When the man discovers the reason that he cannot leave the island, his anger is understandable, and the choice he makes as a result of that anger is likewise easy to understand. However, the immediate tragedy and loss of that choice is painfully acute, and the consequences of that loss overshadow the remainder of the film, for both good and ill. In the beautiful world of the film, the healing power of nature results in substantially more good than ill, which could be interpreted either as the power of the environment, or as the divinely ordered nature of creation healing any wrongs.
As the film gently unfolds its breathtaking cycle of life, death, destruction, and growth, I spent much of the time thinking about Pope Francis’ encyclical Laudato Si. The connections between the ocean, the island, the man, the eponymous red turtle, and the crabs highlight the beauty in all of God’s creation and the way that they are dependent upon one another. Something that harms one harms all of them, and all of their lives are best when none attempt to thrive at the expense of the others.
The relationship of the red turtle to the man is, in my opinion, best left unspoiled. It’s not hard to deduce, but the precise nature of the relationship has an aura of mystery worth discovering as it is gradually revealed. It is essential to mention that the red turtle is the central catalyst which emphasizes the interconnectivity of all the different characters and creatures.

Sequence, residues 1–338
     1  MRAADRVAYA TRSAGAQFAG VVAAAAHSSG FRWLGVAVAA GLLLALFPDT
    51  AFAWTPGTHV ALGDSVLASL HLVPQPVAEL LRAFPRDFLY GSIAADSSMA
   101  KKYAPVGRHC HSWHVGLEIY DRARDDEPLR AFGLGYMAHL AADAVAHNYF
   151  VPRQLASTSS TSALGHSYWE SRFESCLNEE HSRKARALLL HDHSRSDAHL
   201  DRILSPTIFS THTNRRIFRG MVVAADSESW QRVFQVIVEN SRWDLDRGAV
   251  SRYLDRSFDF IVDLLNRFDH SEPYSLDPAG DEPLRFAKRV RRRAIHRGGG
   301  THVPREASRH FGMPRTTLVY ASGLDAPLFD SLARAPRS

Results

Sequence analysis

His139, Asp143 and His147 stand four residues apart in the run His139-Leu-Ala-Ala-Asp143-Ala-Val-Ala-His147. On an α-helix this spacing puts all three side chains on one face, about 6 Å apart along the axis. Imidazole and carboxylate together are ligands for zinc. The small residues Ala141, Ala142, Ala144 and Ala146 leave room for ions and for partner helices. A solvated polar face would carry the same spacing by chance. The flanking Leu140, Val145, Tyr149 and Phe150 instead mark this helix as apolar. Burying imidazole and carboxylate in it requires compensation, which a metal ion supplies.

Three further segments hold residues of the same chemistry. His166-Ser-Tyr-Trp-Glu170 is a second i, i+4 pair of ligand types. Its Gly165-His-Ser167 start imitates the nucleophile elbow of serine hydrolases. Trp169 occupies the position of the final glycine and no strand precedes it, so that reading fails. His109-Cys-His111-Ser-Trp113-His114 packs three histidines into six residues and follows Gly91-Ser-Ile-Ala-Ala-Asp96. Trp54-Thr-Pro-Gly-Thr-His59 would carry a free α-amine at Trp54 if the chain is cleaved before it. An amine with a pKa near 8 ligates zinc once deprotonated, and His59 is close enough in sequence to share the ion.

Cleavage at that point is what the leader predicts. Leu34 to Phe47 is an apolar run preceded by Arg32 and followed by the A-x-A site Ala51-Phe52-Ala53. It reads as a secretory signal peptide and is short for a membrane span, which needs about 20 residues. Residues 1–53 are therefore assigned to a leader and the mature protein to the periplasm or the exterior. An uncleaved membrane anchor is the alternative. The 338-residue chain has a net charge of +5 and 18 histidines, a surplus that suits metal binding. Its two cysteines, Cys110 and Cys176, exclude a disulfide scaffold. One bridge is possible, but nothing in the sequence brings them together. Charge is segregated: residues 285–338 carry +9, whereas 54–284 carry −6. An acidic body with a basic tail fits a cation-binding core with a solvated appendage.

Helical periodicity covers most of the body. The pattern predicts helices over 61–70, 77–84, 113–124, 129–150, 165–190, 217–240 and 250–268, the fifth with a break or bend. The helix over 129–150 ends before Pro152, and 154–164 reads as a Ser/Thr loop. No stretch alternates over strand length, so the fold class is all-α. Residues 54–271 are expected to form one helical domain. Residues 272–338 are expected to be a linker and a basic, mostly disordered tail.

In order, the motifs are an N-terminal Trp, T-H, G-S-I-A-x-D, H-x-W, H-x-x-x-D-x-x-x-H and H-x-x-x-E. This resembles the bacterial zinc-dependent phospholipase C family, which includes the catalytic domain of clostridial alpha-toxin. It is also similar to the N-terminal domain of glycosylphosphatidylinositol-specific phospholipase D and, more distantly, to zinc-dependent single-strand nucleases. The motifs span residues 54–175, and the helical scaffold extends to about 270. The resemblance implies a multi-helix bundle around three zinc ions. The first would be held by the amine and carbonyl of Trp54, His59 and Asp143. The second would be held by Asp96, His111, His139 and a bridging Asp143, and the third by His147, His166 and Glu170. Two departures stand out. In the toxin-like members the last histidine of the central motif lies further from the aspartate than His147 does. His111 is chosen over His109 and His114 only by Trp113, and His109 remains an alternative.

The simple 2D animations throughout the film give it a richness and poetry that is haunting and gorgeous. The vibrancy of the hues shifts from scene to scene, with grayer tints for scenes of disaster and brighter colors for scenes of hope. Finally, the dark red shell and fins of the turtle stand out magnificently from the blue, brown, and gray background which forms so much of the film.
It is wonderful to see Studio Ghibli expanding their distribution to include non-Japanese films; hopefully, there will be more thoughtful celebrations of life and beauty like The Red Turtle from other cultures as well.